Sharknado IV: The 4th Awakens hit the SyFy channel on Sunday night. Since the cheesy horror franchise is something we’ve referred to every so often here, we would be remiss if we didn’t provide a comprehensive review.
We’re, of course, going to be remiss. Our review will hardly be comprehensive. It will also be spoiler-free. Revealing spoilers would involve watching the film a second time, and frankly our livers just couldn’t take it.
A large part of the Sharknado success formula is the over-the-top gore. Sharknado IV continues that tradition. If you liked The Evil Dead movies, are a regular watcher of the SyFy channel weekly horror flicks, or just like low-budget horror movie special effects Sharknado 4 is right in your wheelhouse. Sharknado never takes itself seriously, and half the fun is to see which stars have cameos and how, exactly, they get eaten.
It isn’t like the gore in The Walking Dead. It’s more akin to the cartoonish gore in video games. Still, it isn’t for kids. I wouldn’t let my 10-year-old watch this, I’d think twice about my 13-year-old seeing it, but kids 15+ will probably get a kick out of it. You should probably inform them beforehand that sharknados aren’t a real thing, despite what their teachers taught them in their global warming indoctrination classes.
The Special Effects
Sharknado special effects are low-budget and designed to look that way. If you don’t find yourself laughing at them you’re watching the move wrong.
There are some surprisingly good performances here. Ian Ziering, who plays the reluctant hero Fin Shepard, is joined by Cody Linley (his son, Matt) and Ryan Newman (his daughter, Claudia).
Then there are the shockingly bad ones. Gary Busey is… not good. I can only imagine what blackmail material Tara Reid has on the producers, because she somehow gets worse in every Sharknado iteration. Honestly, I don’t know how she’ll turn in an even worse performance for Sharknado V but I have faith. Maybe they’ll just have her run more.
Everyone else falls somewhere in that spectrum and it really feels as though they are doing it on purpose. Bad performances provide a different avenue for laughs over the silly yet clever jokes that appear in movies like Airplane.
Sharknado IV has two major plot lines: the Shepard family itself, and the Sharknados trying to destroy them. Each family member brings something to the fight and the love and support they show one another is refreshing and unexpected. To avoid spoilers, we can’t get too specific. If you decide to watch the movie for yourself, look for this.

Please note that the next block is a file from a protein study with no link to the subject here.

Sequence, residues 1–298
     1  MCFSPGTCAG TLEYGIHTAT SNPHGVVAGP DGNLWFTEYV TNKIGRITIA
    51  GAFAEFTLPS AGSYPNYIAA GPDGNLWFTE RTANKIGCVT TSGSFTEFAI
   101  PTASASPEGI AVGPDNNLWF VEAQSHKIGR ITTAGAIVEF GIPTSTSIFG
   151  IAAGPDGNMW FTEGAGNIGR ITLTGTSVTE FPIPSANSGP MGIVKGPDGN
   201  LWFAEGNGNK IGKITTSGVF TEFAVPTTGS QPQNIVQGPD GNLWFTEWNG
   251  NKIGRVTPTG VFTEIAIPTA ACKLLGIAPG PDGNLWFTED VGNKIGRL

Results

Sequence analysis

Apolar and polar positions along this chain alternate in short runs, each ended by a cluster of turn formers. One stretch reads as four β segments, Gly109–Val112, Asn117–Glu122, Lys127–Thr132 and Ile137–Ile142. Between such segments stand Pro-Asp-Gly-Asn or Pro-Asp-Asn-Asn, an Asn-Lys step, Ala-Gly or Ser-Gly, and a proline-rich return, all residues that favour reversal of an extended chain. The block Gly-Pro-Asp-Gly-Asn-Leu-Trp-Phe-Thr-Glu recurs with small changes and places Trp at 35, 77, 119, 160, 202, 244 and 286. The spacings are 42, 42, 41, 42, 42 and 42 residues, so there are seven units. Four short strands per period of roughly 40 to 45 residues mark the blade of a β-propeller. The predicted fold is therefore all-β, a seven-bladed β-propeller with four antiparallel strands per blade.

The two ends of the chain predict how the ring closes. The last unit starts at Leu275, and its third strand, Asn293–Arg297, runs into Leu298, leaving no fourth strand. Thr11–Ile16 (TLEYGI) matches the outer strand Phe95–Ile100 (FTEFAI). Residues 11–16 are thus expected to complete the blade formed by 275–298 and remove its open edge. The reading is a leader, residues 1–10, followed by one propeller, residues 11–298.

Tommy Davidson plays Aston Reynolds, the billionaire head of the Astro X corporation, which has developed technology to stop Sharknados. In fact, thanks to Astro X, as the movie opens, there hasn’t been a Sharknado in five years. The character is surprisingly deep. They could have made him evil or incompetent or greedy. What else would you expect? Instead, they made him proud, mistaken, and willing to sacrifice his company to correct those mistakes. Tommy Davidson brings a so-so performance to the role, yet this somehow adds to the complexity of the character because it plays up his personal foibles without taking away from his ultimately heroic actions.
Maybe Tommy Davidson is actually a spectacular actor. All we know is that the character stands out, and it has been a very long time since we’ve seen a black actor in a role other than “helpless victim” or “villainous scum”. Thanks, Hollywood. You finally did something right.
Sharknado IV has cameos aplenty. We’re sure they are funny if you know who it is, but even if you don’t, and we didn’t for most of them, the movie does a fine job of highlighting that something is up, and the line they give is still funny. As a writer who includes references, I appreciate this a whole bunch.
Clever product placement is something we appreciate in our cheesy television movies and Sharknado IV includes plenty. You might even think the first 15 minutes are a total setup for Xfinity. The SyFy channel also ran a plethora of ads for other SyFy shows, which replaced all the good SyFy shows a couple of years ago. Whichever shows those were.
The Ridiculous Factor
The Sharknado franchise boils down to the ridiculousness of the overall plot interacting with the ridiculousness of each scene. Sharknado IV does not disappoint. Each scene includes goofy pop-culture references, unlikely shark attacks, and unlikely heroics.
Little details matter. Viewers might notice the hills of Kansas look suspiciously like the hills of California (except they aren’t on fire). Plus, you know, Kansas. The flat state with all the corn doesn’t have hills that look anything like real hills.
The NBC anchors do a fantastic job of reporting made-up news, so it’s no wonder that the Sharknado producers asked them to play that part in the movie. Sadly, their role is mostly relegated to exposition and plot-summation, which is entirely necessary since the majority of viewers might be playing the Sharknado drinking game.
The Sharknado kept morphing into a different kind of ‘nado throughout the movie. Simply combine a dangerous-sounding noun and the ‘nado suffix and you’ll get the idea. Larry Correia could do worse than include the Noun-nado in the next iteration of his annual Christmas Noun saga. This particular gag grew tiresome, fast. Folks have been making up there own ‘nado types ever since the first movie came out, and the writers would have been better off letting the public keep that.
Sharknado IV is the best of the Sharknado movies in terms of being a movie, but the worst in terms of overall entertainment. We didn’t laugh as much. However, it is the only Sharknado movie Codex has watched twice, and if you enjoyed the other Sharknado movies you’ll like this one too. We’re giving it 3 stars out of 4, even though we usually rank our movies using sporks.
The Spork Speaks — Tempest in a Teardrop — tempestinateardrop.com